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Snapshot poll decoded: Concerns over housing and immigration crowd out other issues

Healthcare trails in distant third place among respondents to the Irish Times Snapshot poll

Irish people are united in their concern over immigration and housing, according to the latest Snapshot poll. Across all demographics, these two issues are dominating the conversation, with other topics struggling for airtime.

Each monthly Snapshot poll, conducted for The Irish Times by Ipsos B&A, canvasses the opinions of 1,000 Irish adults, asking what they have seen or heard about the Government that makes them think the country is moving in the right or wrong direction. All answers are recorded verbatim and later coded into answer categories.

Not for the first time, immigration tops the poll, mentioned spontaneously by 29 per cent of respondents (up 17 points). This is the highest mention to date for any issue, eclipsing even housing, which peaked at 26 per cent last August.

Across all regions, immigration is enormously salient: Dublin 29 per cent; the rest of Leinster 32 per cent; Munster 27 per cent; and Connacht/Ulster 31 per cent.

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The immigration theme is comprised of various sub-themes, including the challenges of ‘too many refugees’ (7 per cent), refugees being “preferred” to the local population (2 per cent), the need for more “vetting” (2 per cent), the use of “tents” to house refugees (2 per cent) and refugees crossing the ‘Northern Ireland border’ (1 per cent).

One Snapshot respondent summed up the mood by saying: “Government hasn’t got to grasp with it yet, and it’s possibly spiralling out of control. I think that the issue will overtake, and they won’t be able to get ahead of it.”

Housing is never far from the top of the Snapshot table and is mentioned by 19 per cent (down two points) in this May wave. Housing plays second fiddle to immigration across all population groups, except for the under-35s, who are still more zoned in on housing (25 per cent) than on immigration (20 per cent).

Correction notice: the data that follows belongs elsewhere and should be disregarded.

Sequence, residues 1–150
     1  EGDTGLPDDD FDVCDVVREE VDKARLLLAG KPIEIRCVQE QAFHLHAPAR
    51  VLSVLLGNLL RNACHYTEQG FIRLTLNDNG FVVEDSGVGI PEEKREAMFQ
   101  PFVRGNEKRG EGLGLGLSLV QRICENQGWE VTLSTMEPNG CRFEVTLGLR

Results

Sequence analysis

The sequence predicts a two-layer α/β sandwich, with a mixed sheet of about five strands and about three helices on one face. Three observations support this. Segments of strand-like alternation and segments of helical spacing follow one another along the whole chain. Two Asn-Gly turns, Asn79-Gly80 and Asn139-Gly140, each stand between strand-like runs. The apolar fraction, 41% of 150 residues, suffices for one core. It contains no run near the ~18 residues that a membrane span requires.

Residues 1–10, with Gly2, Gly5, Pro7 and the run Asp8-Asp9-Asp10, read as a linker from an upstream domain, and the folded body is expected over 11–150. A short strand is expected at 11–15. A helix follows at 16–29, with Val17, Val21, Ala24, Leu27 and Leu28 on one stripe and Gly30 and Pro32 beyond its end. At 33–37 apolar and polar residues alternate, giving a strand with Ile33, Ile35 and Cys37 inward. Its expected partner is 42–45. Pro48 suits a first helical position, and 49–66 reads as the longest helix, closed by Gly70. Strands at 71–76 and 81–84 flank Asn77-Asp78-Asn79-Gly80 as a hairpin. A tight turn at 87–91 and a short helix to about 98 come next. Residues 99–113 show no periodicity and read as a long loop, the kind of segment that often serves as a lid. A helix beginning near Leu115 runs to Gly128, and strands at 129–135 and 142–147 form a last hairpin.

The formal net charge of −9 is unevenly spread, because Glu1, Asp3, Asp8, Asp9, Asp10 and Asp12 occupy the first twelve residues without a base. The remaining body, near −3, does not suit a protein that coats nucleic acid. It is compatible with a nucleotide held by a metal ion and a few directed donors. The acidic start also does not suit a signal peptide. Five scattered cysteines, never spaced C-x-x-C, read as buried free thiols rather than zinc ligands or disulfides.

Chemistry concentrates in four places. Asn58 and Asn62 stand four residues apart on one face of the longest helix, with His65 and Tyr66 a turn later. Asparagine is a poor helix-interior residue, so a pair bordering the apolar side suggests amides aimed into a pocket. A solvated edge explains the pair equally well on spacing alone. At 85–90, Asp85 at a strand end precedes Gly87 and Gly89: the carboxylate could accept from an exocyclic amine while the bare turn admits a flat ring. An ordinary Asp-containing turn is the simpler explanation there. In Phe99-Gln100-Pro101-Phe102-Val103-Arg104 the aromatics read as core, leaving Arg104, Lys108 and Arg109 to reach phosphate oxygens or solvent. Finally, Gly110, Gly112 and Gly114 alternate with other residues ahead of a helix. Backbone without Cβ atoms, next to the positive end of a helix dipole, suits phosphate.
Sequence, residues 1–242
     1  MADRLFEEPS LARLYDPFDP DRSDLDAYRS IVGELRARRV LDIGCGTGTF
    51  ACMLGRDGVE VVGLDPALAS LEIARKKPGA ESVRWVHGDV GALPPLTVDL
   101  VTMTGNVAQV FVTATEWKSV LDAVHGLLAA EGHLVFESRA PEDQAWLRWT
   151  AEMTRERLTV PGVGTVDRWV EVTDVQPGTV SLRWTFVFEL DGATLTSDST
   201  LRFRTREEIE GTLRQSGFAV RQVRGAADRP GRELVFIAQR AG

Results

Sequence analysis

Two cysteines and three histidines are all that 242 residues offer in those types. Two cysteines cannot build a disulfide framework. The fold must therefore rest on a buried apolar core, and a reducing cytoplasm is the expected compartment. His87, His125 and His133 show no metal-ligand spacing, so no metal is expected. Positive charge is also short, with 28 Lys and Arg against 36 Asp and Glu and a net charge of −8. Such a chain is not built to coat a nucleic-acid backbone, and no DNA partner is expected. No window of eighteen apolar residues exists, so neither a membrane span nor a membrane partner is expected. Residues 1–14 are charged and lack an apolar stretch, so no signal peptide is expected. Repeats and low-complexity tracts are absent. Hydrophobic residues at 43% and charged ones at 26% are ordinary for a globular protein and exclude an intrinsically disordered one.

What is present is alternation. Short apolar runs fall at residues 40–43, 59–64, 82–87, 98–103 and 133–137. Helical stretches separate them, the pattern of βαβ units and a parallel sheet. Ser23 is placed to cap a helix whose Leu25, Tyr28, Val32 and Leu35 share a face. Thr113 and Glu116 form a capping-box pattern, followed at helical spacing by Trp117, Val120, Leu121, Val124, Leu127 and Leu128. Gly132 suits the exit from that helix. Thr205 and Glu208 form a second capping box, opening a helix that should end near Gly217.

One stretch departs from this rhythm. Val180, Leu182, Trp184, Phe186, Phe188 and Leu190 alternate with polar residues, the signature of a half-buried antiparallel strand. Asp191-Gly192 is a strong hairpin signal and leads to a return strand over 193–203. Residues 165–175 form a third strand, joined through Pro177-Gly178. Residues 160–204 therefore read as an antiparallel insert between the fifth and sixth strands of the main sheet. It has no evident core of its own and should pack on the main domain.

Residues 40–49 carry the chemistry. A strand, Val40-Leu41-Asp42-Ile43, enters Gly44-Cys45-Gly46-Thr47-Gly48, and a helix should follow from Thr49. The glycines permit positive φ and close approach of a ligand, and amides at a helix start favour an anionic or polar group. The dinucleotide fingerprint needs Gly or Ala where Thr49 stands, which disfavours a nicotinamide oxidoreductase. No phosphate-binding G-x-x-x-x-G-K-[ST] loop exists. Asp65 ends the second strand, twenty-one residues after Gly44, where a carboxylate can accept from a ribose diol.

Remarkably, the next most salient issue is healthcare and the Health Service Executive, with just 4 per cent of mentions. Perhaps of more interest is the tendency for healthcare/HSE to get second and third mentions, which are not counted in our polls (as we include only first mentions in our analysis) but which will come into play if immigration or housing ever fade into the background.

Also living in the shadows of immigration and housing, for the time being at least, is a range of other issues that the public probably feel are important but not a priority, including climate change/sustainability (3 per cent), social policies (3 per cent), education (2 per cent) and the economy (2 per cent).

Climate change/sustainability’s relatively modest profile is despite its guaranteed appearance on every State, corporate and community agenda. Interest in climate change varies significantly by age, ranging from 5 per cent among the under-35s to only 1 per cent among the over-65s.

A scan of verbatim comments reveals how diverse, and potentially diluted, are the Government’s green initiatives. A huge range of State interventions are referenced by Snapshot respondents, including cycle lanes, greenways, electric cars, wind turbines, flood defences, traffic plans, agro forestry and nitrates directives. The recently introduced bottle recycling scheme popped up in only a handful of responses, with no evidence yet of any enthusiasm for the project.

Sentiment analysis of verbatim comments provides further insight into the public mood.

For the mega-themes of immigration and housing, sentiment is negative, with clear signs of frustration. Healthcare/HSE verbatims are also overwhelmingly critical.

On some issues the Government is winning (in other words the majority of comments are positive), including the economy, employment and education.

Some respondents to the Snapshot poll simply give the Government a thumbs up or thumbs down, without going into specifics, and their opinion tends towards the country going in the right direction.

“Events my dear boy, events” make the headlines and tend to have an outsized impact on public opinion, with images of tents along the canal in Dublin a prime example. With 2024 a year of elections, events such as these will matter, but so too will the performance of the Government in a wider context.

Damian Loscher is president of Ipsos B&A

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